First simultaneous cochlear implant operation for WA

A 25-year-old man will undergo Western Australia's first ever simultaneous bilateral cochlear implant operation on Thursday 9 February at St John of God Hospital in Subiaco.

Danny Clarke will have two cochlear hearing devices implanted in both his ears at the same time.

Danny, who became a successful search and rescue helicopter air crewman despite losing his hearing in his right ear due to a fall at the age of 11, became permanently deaf last year after being attacked by a stranger after a night out with friends.

He was struck heavily on the face, fell and hit his head hard on the pavement, fracturing the base of his skull on his left side and lost his hearing in his remaining good ear.

Danny's family, friends and colleagues have fundraised more than $25,000 for one cochlear implant – and the Lions Ear and Hearing Institute has donated a second implant – Danny will be able to undergo the operation.

One of Australia's leading ear surgeons and Director of LEHI, Professor Marcus Atlas, will perform the uncommon procedure. He said the operation would give Danny the ability to hear again and restore his ability to undertake regular day-to-day activities.

"It's pleasing for the Institute to be overseeing this type of operation – and it's a great outcome for Danny in light of his recent hearing loss," Professor Atlas said.

"After the swelling has gone down and the surgery scar has healed around his ears – which takes about two weeks – we will activate the cochlear implants and Danny should start hearing sounds.

"The rehabilitation process takes up to 12 months of intensive mapping (programming the cochlear device) and exercises from our Audiologist, Katrise Eager, who will help Danny learn to hear sounds through the implant," he said.

Danny's father Lex said the operation was a huge boost for his son who had been devastated at the loss of his hearing and subsequently, his job as a search and rescue helicopter air crewman.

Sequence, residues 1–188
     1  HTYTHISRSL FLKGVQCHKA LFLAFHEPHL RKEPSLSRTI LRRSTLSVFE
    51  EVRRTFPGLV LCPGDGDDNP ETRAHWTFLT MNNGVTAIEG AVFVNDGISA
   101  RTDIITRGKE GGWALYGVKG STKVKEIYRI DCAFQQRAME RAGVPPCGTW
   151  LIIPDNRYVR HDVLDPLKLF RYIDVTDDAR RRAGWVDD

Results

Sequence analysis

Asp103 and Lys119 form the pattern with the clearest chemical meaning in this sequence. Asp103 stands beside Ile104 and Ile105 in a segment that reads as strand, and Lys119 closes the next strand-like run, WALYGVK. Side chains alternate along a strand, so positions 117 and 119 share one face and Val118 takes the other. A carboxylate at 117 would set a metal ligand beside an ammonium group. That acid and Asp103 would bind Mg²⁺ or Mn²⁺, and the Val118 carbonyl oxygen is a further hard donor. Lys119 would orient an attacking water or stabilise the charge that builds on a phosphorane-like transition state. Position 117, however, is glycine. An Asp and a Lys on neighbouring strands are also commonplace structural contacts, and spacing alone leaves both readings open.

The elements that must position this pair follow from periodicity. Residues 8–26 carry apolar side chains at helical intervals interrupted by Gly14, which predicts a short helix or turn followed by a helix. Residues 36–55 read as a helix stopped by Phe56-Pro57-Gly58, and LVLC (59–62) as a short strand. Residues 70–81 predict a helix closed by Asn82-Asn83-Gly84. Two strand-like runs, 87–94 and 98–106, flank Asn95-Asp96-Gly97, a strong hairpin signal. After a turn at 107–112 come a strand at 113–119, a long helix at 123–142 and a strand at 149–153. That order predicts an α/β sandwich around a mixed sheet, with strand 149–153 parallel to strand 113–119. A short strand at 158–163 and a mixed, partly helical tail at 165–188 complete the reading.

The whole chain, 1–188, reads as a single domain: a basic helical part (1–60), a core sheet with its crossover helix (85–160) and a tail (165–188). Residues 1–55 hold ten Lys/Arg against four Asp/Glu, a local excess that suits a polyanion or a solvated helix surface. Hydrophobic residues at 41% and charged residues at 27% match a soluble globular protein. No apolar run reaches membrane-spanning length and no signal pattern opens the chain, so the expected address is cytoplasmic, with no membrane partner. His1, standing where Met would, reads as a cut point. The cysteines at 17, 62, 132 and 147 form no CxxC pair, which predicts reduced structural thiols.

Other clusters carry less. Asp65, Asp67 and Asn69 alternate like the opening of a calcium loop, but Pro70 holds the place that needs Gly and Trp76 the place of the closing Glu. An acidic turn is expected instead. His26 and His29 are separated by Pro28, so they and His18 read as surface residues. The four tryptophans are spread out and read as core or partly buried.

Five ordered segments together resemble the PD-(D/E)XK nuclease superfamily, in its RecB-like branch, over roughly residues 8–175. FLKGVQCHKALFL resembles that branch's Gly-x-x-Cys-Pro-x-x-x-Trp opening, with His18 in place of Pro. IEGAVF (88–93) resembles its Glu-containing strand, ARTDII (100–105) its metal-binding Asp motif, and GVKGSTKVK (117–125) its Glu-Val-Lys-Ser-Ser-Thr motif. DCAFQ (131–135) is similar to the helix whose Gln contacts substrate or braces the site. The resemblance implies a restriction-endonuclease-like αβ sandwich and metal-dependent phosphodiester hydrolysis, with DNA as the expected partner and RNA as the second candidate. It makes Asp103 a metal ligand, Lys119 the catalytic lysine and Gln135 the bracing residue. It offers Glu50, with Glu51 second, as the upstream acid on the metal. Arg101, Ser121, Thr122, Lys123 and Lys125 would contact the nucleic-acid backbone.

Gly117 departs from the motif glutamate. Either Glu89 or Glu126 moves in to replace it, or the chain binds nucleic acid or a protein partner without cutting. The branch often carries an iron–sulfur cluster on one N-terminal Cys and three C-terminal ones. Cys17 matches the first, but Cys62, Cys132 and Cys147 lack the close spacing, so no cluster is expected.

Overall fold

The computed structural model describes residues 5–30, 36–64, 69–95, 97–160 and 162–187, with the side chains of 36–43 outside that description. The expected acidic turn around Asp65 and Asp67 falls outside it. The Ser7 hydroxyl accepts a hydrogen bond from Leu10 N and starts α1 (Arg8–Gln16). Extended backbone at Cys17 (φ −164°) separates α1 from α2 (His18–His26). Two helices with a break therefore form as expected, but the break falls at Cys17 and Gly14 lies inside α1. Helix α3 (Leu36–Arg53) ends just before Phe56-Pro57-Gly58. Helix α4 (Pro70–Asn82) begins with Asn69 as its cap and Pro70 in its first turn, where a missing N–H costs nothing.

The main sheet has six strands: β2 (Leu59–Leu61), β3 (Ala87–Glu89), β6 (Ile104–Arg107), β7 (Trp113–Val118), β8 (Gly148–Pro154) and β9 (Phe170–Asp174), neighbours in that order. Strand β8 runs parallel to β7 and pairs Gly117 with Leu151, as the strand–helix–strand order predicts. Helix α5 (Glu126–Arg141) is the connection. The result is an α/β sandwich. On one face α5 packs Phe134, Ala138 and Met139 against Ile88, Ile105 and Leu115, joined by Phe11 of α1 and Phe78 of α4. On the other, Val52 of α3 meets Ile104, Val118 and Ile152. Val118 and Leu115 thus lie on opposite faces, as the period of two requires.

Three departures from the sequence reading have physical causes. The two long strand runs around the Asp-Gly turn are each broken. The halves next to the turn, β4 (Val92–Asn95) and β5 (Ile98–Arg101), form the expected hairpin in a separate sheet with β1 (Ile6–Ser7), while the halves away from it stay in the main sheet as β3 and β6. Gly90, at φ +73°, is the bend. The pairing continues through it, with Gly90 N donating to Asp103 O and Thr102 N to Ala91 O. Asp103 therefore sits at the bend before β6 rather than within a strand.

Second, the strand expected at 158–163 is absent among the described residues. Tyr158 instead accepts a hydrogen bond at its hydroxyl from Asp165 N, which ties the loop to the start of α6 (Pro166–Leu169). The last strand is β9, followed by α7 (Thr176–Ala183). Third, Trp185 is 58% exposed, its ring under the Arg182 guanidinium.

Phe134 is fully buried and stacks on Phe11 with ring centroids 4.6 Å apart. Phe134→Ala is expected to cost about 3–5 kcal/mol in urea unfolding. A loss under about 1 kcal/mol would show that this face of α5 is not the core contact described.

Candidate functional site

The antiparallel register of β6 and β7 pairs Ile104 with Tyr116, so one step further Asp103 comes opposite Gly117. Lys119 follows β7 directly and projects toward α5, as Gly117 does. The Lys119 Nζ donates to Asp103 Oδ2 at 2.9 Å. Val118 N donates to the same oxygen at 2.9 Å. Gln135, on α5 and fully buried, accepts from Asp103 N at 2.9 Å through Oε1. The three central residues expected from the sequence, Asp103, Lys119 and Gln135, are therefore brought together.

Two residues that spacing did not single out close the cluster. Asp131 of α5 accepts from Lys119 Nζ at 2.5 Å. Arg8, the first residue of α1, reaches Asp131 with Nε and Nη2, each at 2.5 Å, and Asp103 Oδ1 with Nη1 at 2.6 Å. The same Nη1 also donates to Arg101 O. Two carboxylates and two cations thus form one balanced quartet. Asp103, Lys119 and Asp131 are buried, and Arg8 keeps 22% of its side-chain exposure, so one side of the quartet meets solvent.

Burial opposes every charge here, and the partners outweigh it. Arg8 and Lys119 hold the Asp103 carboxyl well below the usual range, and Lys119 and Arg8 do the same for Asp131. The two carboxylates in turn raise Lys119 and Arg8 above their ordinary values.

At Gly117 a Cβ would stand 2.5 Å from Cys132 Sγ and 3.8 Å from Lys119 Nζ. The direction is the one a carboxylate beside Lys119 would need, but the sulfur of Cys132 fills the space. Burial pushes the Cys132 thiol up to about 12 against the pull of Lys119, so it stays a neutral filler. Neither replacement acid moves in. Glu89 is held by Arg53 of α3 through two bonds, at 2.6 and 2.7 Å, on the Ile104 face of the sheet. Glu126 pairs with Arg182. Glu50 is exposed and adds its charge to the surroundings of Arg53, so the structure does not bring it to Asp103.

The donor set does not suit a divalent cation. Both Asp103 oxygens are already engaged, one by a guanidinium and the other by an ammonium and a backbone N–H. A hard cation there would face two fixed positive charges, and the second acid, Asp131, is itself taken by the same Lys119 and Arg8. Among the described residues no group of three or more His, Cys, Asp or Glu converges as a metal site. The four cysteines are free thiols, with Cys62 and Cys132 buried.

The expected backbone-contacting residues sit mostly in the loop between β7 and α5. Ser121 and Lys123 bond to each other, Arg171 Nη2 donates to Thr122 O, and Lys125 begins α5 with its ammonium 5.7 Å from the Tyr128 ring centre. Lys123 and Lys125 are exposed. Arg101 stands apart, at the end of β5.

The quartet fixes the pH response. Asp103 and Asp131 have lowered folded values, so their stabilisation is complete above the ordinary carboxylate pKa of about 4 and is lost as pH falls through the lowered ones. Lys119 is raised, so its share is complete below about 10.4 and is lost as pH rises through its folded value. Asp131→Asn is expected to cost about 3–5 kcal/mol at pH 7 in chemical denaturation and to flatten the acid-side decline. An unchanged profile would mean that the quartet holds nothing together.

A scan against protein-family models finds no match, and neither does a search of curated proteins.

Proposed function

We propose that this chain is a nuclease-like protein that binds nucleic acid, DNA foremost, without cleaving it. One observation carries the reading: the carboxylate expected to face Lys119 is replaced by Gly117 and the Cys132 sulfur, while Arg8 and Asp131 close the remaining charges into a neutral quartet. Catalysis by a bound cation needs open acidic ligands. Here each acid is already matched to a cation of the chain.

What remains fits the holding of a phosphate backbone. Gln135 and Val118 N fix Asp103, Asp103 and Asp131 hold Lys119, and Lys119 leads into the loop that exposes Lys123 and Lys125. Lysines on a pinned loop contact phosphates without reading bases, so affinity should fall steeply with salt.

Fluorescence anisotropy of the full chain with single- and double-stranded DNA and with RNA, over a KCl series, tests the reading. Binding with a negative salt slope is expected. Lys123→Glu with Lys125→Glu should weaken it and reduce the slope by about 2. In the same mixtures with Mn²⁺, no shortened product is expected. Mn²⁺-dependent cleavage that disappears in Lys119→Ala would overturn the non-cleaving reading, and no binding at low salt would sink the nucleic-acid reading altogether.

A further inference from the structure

"For the first two months following the injury, we did not know if Danny would ever hear again," Mr Clarke said.

"My wife, Chris, would repeatedly say 'All I want for my 50th birthday is a cochlear implant for my son' – and then we found that Danny would be a good candidate for both ears to be implanted.

"On her birthday she got a call from Professor Atlas at the Lions Ear and Hearing Institute saying they would donate a second cochlear device – it was the best present she has ever had!

"We were totally gobsmacked about the donation – just absolutely thrilled to bits.

"We hope the operation will get Danny back into his work and help him communicate more easily with us and listen to music, something he misses a great deal," he said.

Professor Atlas said that Danny was one of more than 20,000 adults in Western Australia living with severe to profound hearing loss.

"As we are about to embark on this bilateral cochlear implant surgery, there is no better time for other individuals to seek out routine assessment and intervention for hearing loss.

"Many Australians are unnecessarily isolated by deafness because their hearing loss is left undetected and untreated. It is important these people understand there are greater options available for individuals whose hearing aids are no longer enabling them to live a full life," Professor Atlas said.

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About Lions Ear and Hearing Institute
The Lions Ear and Hearing Institute (LEHI) is a not for profit organisation that was established in 2001 and is a leader in research, ear surgery, audiology and hearing restoration in Western Australia.

The vision and focus provided by the specialised team at the Lions Ear and Hearing Institute has resulted in groundbreaking medical advancements in surgical techniques and the diagnosis and management of ear and hearing disorders.

LEHI has four Ear and Hearing clinics – located in Joondalup, Nedlands and Murdoch. The clinics offer audiological services and rehabilitation options for hearing losses, including the fitting of hearing aids, referrals to specialists and investigations into ear disorders.

LEHI has four key areas of research:

  • Tissue engineering – Institute scientists are developing techniques to grow replacement parts of the ear to restore hearing.
  • Telemedicine – Using technology to improve the access of people in remote areas to ear specialists to decrease ear disease in remote communities.
  • Hearing implants and aids – Research into the improvement of these devices.
  • Virtual surgery – Scientists are developing surgical simulators to assist with training and treatment for complex ear and skull base surgery.


Last reviewed: By John M. Grohol, Psy.D. on 21 Feb 2009
    Published on PsychCentral.com. All rights reserved.

 

 

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